Speaker: Dr. Francois Leonard & Dr. Andy Vance, Sandia National Laboratory, CA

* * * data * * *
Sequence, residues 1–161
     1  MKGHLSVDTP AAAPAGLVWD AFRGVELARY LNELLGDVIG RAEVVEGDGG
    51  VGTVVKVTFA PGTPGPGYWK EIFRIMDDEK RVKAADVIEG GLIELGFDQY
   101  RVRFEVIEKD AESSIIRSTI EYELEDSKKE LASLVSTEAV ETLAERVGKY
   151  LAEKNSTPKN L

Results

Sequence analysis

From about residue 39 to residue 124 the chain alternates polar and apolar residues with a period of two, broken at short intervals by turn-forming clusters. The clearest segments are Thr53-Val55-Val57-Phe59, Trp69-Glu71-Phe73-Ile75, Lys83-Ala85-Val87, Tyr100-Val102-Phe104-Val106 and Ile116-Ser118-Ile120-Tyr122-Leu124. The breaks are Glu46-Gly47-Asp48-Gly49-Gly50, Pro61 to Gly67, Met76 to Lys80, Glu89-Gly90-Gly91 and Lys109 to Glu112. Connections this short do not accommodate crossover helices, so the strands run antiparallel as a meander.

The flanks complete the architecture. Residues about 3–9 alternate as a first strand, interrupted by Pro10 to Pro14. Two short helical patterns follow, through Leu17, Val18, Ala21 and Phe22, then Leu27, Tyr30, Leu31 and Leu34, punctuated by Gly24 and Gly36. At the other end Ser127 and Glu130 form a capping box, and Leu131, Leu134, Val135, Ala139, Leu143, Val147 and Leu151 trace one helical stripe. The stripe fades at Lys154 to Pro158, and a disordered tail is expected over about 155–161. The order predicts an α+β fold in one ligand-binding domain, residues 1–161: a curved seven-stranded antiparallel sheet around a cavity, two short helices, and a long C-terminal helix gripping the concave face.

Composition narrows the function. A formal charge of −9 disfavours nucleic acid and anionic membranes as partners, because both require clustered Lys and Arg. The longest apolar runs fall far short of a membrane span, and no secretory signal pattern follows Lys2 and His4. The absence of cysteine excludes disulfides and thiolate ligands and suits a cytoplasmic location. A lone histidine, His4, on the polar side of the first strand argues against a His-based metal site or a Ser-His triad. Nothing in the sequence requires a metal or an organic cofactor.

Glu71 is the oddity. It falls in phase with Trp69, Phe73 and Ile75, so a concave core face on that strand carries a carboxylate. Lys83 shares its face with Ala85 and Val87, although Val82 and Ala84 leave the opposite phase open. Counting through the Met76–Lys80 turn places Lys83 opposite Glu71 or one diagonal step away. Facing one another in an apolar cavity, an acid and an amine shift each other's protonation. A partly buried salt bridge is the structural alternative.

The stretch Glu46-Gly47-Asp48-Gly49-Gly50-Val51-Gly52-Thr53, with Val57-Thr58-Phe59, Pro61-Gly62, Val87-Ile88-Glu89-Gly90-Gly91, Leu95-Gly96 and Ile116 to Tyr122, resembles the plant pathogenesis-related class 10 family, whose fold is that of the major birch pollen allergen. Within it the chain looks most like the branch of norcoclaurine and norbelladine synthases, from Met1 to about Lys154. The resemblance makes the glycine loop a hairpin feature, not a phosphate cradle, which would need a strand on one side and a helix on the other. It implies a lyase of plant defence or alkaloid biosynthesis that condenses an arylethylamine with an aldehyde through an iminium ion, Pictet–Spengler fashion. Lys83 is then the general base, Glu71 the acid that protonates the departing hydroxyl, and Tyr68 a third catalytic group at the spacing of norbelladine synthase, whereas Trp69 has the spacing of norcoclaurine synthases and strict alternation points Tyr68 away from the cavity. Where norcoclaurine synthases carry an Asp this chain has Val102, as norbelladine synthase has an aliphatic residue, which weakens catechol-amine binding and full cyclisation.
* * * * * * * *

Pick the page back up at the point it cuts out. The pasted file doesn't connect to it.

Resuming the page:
Abstract: Phototransduction plays a central role in key natural processes such as vision and photosynthesis. For these processes, natural evolution has found exquisite solutions that optimize efficiency, compactness, and self-healing. While researchers have long tried to supplant nature's successes using solid-state approaches, our ability to convert optical radiation to electrical signals with nanoscale precision still remains in its infancy. An alternative to solid-state approaches is one that more closely mimics natural processes by integrating chemical or biological materials with solid-state materials. To this end, we present a nanoscale color detector based on a single-walled carbon nanotube functionalized with azobenzene chromophores, where the chromophores serve as photoabsorbers and the nanotube as the electronic read-out. By synthesizing chromophores with specific absorption windows in the visible spectrum and anchoring them to the nanotube surface, we demonstrate the controlled detection of visible light of low intensity in narrow ranges of wavelengths. Our measurements suggest that upon photoabsorption, the chromophores isomerize from the ground state trans configuration to the excited state cis configuration, accompanied by a large change in dipole moment, changing the electrostatic environment of the nanotube. We will also present our all-electron ab initio calculations that are used to study the chromophore-nanotube hybrids and show that the chromophores bind strongly to the nanotubes without disturbing the electronic structure of either species. Calculated values of the dipole moments support the notion of dipole changes as the optical detection mechanism.